A WOMAN from Corwen died after experiencing delays in her transfer from Wrexham Maelor Hospital to Ysbyty Glan Clwyd, Bodelwyddan for emergency surgery.

Maureen Elizabeth Owens, of Maesafallen Estate, died aged 79 at Glan Clwyd on December 9, 2022.

Following a full inquest into her death, held in Ruthin today (March 20), John Gittins, senior coroner for North Wales East and Central, recorded a narrative conclusion.

Ms Owens’ medical cause of death was noted as multi-organ failure, contributed to by bilateral femoral thrombosis due to underlying peripheral and central vascular disease.


Arrest made & police cordon in place after Prestatyn attempted robbery

Prestatyn florist closes immediately after ‘amazing six years’

The inquest heard that, on November 27, Ms Owens suffered a fall at home, causing injury to the left side of her head and rendering her “a little confused”.

She was taken by ambulance to Wrexham Maelor Hospital, and was transferred its stroke unit, the Bersham ward, the following day.

During her time in the hospital, her heart rate was “erratic”, fluctuating from “very low to very high”.

Her daughter, Jacqueline, said that, when she spoke to a doctor on November 30, she was “made to feel as though I was being a nuisance”, and was told that “she (Ms Owens) is not the only patient here”.

During the inquest, a legal representative for the health board apologised on behalf of the organisation for those comments, saying they were “wrong” and “shouldn’t have been said”.

Dr Walee Sayed, a stroke consultant at Wrexham Maelor, also apologised to Ms Owens’ family for her “bad experience” while on the Bersham ward, and said he had examined feedback received in her case.

On December 2, Ms Owens complained of cold feet to her family; nursing staff were informed, with nothing having been done to address this prior.

The following day, she again said her left foot was cold; a nurse was told about this and said it would be looked into, though Ms Owens’ daughter said “no-one came to see why her feet were cold” while she was there.

Her cold feet persisted the following day; again, nurses were told, but said they were “busy”.

Following a scan on December 6, Ms Owens was placed on blood-thinning medication, before it was agreed that she needed to be transferred via a blue-lit ambulance to Glan Clwyd.

A 999 call was made at 3.30pm that day, but the transfer did not happen until shortly after 4am on December 7; approximately 48 hours later, Ms Owens was pronounced deceased.

Dr Ashraf Elsharkawy, a consultant vascular surgeon, was working as a locum consultant for the health board at the time.

He advised that Ms Owen be transferred immediately to Glan Clwyd on December 6 due to her having blood clots on her legs, and described her situation as “very critical”.

Having expected Ms Owens to have undergone her operation overnight, he said he was “surprised” to find that she had only arrived at Glan Clwyd the following morning.

Regarding the delays in transferring Ms Owens from Wrexham Maelor to Glan Clwyd, he said: “I have to be honest, I haven’t seen that delay (previously).”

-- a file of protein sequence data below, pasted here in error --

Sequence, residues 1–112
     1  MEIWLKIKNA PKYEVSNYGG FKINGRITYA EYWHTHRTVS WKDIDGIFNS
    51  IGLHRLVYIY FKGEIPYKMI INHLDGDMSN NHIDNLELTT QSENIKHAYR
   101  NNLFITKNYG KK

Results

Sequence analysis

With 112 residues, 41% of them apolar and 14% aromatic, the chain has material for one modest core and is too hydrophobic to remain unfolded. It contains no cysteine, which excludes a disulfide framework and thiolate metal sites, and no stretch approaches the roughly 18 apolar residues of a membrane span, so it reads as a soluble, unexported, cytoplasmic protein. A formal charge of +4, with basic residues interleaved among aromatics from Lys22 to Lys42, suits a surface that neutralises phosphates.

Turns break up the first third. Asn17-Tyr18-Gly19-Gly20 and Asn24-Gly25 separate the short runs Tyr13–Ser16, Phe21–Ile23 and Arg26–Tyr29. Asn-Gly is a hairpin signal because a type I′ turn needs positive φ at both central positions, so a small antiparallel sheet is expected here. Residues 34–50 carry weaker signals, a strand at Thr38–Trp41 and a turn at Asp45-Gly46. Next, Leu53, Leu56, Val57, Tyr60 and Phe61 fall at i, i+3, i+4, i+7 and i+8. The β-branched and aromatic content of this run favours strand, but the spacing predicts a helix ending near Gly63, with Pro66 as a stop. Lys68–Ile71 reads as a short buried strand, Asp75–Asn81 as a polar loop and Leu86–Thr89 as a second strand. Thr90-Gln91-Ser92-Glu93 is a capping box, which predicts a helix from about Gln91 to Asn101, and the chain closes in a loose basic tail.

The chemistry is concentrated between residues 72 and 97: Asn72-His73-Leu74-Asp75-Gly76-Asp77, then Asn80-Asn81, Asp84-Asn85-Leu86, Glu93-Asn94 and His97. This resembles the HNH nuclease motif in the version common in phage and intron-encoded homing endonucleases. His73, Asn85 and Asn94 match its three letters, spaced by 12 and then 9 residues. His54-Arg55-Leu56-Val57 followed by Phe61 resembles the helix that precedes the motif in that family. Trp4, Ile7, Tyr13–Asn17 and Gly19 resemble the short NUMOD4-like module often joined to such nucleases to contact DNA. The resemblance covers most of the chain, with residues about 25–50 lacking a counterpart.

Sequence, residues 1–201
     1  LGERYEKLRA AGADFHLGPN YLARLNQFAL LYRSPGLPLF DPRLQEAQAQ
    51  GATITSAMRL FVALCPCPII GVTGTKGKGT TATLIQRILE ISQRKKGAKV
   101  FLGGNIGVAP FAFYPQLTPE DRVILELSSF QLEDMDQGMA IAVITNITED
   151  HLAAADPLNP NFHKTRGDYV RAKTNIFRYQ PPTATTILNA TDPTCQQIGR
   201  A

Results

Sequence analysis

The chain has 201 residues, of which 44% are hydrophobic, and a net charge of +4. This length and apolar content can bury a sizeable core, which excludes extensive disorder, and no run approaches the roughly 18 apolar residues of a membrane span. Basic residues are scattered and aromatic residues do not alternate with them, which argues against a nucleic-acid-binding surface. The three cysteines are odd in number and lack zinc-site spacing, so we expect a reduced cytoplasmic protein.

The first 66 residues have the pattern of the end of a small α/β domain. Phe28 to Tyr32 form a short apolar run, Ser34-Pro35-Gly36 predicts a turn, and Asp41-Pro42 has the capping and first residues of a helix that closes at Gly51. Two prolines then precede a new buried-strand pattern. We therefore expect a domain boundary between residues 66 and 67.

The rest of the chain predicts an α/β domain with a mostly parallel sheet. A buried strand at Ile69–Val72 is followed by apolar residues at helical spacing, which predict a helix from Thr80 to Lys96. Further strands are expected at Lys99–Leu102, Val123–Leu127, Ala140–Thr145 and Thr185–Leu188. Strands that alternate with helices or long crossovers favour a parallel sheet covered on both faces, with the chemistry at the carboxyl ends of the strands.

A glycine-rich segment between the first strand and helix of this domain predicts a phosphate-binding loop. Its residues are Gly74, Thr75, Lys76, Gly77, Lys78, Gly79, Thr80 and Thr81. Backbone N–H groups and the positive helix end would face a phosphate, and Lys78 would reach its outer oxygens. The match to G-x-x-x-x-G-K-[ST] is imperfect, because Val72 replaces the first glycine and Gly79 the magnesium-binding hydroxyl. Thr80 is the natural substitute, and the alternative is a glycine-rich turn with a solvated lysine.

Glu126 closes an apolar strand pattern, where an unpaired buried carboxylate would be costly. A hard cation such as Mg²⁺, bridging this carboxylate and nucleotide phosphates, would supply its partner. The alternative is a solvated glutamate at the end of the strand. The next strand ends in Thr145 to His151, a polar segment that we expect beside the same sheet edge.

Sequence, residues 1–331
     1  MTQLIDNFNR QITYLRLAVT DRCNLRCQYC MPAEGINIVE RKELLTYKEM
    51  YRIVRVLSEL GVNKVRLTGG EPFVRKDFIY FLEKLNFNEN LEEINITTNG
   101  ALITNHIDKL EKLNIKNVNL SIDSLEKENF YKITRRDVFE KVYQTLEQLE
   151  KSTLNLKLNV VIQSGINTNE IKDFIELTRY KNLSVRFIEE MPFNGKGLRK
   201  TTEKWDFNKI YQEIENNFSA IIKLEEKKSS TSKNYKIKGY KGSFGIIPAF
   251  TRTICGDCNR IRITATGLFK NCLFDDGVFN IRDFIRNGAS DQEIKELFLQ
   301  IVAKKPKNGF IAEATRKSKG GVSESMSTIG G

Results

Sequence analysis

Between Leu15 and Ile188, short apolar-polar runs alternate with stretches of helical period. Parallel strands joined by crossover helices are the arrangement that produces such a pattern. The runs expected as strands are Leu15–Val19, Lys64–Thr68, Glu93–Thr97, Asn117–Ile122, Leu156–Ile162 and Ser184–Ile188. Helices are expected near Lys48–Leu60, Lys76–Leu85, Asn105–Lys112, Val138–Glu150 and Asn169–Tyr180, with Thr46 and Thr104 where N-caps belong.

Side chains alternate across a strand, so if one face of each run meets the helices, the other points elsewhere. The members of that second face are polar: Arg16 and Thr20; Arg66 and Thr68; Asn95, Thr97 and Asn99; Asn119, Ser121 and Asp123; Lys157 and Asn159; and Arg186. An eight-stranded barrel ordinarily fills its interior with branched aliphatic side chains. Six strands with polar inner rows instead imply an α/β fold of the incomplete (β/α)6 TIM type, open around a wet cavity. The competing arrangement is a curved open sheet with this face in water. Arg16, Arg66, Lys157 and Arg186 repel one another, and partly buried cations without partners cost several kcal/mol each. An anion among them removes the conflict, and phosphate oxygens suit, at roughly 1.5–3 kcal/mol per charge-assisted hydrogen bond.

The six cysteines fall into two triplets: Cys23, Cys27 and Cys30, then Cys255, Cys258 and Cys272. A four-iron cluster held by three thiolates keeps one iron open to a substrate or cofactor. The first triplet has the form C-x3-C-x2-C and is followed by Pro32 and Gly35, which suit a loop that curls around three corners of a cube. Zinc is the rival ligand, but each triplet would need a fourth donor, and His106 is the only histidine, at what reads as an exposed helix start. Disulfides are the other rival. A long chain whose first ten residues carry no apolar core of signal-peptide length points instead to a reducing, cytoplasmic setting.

Ms Owens’ family placed on record their thanks to Dr Elsharkawy and his colleagues at Glan Clwyd who had tried to save her life.

Gill Pleming, service manager at the Welsh Ambulance Services Trust, said it was not until 3.26am on December 7 – roughly 12 hours after the initial 999 call was made – that an emergency ambulance became available to transfer Ms Owens.

By then, the call had been escalated to an “Amber One” category (life-threatening; response with lights and sirens).

She added that the service was operating at “level three” (severe demand) at the time, with roughly 25 “Amber One” calls ahead of Ms Owens.

Richard Waterson, a senior nurse at Wrexham Maelor, led the health board’s own internal investigation into Ms Owens’ case.

While he found that concerns about her legs were not formally raised until December 4, he said: “We can only apologise if that was not picked up sooner.”

He added that the health board is working with the ambulance service to “improve the pathway” by reducing delays, reviewing handover processes, and improving ambulance availability and patient flow.

Dr Andrew Foulkes, the health board’s secondary care medical director for the central area of North Wales, said it uses the Adult Critical Care Transfer Services (ACCTS) to assist patients such as Ms Owens.

This was running on a 24/7 basis at the time of her death, but while that is no longer the case, he said work is ongoing within the health board to look to return to this.

Concluding, Mr Gittins said he was “significantly concerned” that an immediate transfer between hospitals was not possible for Ms Owens.

While he found that her death arose from natural causes, he found that the operational delays meant she was not afforded the “timely care and treatment which may have optimised prospects of a full recovery”.

Though, he added: “I recognise that the challenges around the provision of the ambulance service across the entire country, let alone North Wales, are very much multi-factorial.”